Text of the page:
Bob Levey: Ross Perot is believed to have modeled his public speaking style after Yosemite Sam. Your post proves it.


Baltimore, Md.: Gene did not say that you didn't know what you were talking about. Gene said he disagreed with your analysis and would probably talk to you about it at some point. The earlier poster needs to get his/her facts straight.

Bob Levey: Yes, always a good idea to "represent" accurately. Thank you, Ball-dee-more.


Weingarten: Here's exactly what Gene said: Gene Weingarten: Wow. I hadn't read this until just now.

Whew. He trashes Life Is Beautiful, Best in Show, Amalie and Sixth Sense. All enormously excellent movies.

I should avoid this. I should not do this. I like Bob. I think he is a very smart guy. I love talking to him. I think The Post is lucky to have him. But, man. With movies, Bob does not know his rump from his dorkle.

Bob, I invite you to retaliate.

Bob Levey: If Bob needs to watch movies to know his rump from his dorkle, he'll just have to accept total ignorance.


Eastern Market, Washington, D.C.: When the Levey clan barbecues outside in the back yard, who cooks? It seems that 90 percent of the time, this is the man's job. Any reason behind this?

Bob Levey: Almost always, 16-year-old Alexander Levey. He is great at it!
Our deal at home is: Mama cooks all the indoor stuff, Allie cooks all the outdoor stuff, Papa cleans up. Works for all three of us.
Papa is also responsible for stocking the house with all sorts of exotic marinades. A few weeks ago, at the Takoma Park Farmers' Market, I bought a bottle of Bone-Sucking Sauce (or something like that). If you think you've tasted seriously hot barbecue sauce, you haven't. This stuff will grow hair on your hair. But it's great on chicken especially. Allie brushes a dab on each piece, and it's heaven.


Adams Morgan, Washington, D.C.: Bob, some guy drives and parks one of those H2 yuppie Hummers in Adams Morgan. People do turn their heads to look at it. Then they laugh.

Bob Levey: I'm not surprised. Thanks for the report from the front


Washington, D.C.: An 18-year-old boy, who chose basketball over college and has had, as a result, large buckets of money just thrown at him, might not handle it well?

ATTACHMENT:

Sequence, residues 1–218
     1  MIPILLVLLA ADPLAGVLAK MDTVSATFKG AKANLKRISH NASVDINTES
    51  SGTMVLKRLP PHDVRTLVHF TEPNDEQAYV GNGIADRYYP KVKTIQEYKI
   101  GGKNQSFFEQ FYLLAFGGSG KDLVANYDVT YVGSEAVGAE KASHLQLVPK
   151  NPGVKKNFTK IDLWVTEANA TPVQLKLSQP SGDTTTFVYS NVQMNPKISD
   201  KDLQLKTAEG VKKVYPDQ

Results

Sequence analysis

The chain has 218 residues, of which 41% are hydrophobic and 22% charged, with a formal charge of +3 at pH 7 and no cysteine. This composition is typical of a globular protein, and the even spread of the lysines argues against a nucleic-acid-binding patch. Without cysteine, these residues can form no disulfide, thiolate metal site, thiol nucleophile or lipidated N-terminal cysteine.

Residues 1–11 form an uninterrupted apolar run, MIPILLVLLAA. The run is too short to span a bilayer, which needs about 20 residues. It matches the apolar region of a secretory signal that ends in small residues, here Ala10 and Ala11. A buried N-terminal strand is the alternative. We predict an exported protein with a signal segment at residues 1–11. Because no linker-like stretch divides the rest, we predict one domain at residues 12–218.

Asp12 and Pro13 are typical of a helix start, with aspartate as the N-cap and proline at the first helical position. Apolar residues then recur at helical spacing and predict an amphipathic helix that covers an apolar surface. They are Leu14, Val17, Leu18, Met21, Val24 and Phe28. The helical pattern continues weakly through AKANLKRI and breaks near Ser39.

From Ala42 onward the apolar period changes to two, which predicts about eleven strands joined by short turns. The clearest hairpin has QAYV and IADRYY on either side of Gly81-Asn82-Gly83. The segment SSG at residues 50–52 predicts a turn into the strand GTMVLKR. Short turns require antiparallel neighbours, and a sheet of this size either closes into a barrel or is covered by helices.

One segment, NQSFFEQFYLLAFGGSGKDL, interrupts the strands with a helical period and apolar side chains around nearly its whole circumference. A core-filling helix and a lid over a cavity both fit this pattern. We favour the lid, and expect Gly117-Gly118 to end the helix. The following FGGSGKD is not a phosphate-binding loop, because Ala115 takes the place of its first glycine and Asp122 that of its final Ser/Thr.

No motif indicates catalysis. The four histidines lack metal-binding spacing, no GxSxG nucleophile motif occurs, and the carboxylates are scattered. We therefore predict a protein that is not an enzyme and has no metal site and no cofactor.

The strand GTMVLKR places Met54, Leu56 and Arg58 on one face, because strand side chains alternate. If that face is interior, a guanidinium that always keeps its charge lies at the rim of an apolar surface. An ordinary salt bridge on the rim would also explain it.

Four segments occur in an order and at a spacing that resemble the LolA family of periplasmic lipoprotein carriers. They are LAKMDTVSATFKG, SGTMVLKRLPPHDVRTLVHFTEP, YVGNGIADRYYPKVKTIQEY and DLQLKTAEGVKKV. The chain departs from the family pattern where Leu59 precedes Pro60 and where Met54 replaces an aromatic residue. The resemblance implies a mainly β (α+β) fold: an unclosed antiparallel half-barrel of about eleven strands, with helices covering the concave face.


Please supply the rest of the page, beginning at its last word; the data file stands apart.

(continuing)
Now what would make you say something like that?

Bob Levey: I'm too worldly wise for my own good sometimes. I know it. I try to control it. But I just can't.


Fairfax, Va.: Re: stupid-sounding phone calls. I always call my wife when I reach a certain station on the subway. It may sound stupid to those around me, but it's really just a way of letting her know when to leave the house so she won't have to wait long to pick me up. Makes one-car life a bit easier.

Bob Levey: What did you do before cell phones? I'll tell you what you did. You emerged from the subway, you waddled into the parking lot and you looked for the family car. That worked great, I'm guessing. So how is it an improvement in anyway to announce into a cell phone what your wife doesn't need to know? Do you really save any time?


Columbia Heights Metro Station: Hello Bob,
Here's something for the Metroids who often lurk on this discussion: the Columbia Heights station on the Green Line has a major problem with graffiti vandals. They strike on average of once a week, and usually spray paint the exterior portions of the station entrances, on the granite walls. Metro usually cleans it up quickly, but this time, they have not done so, so it sits there, attracting more graffiti. I've spoken to Metro police several times, yet they do not ever post anyone or set up cameras to try to catch these kids/gangsters/whoever. Metro, can you address this problem?!?!? Thanks, Bob have a great weekend!

Bob Levey: Metroids?


Laurel, Md.: Bob, I suspect Weingarten is trying to pull on you the old DJ ratings ploy:

Joe Nobody insults Don Imus, hoping Imus will insult Joe Nobody back, so he becomes "the guy Imus is feuding with."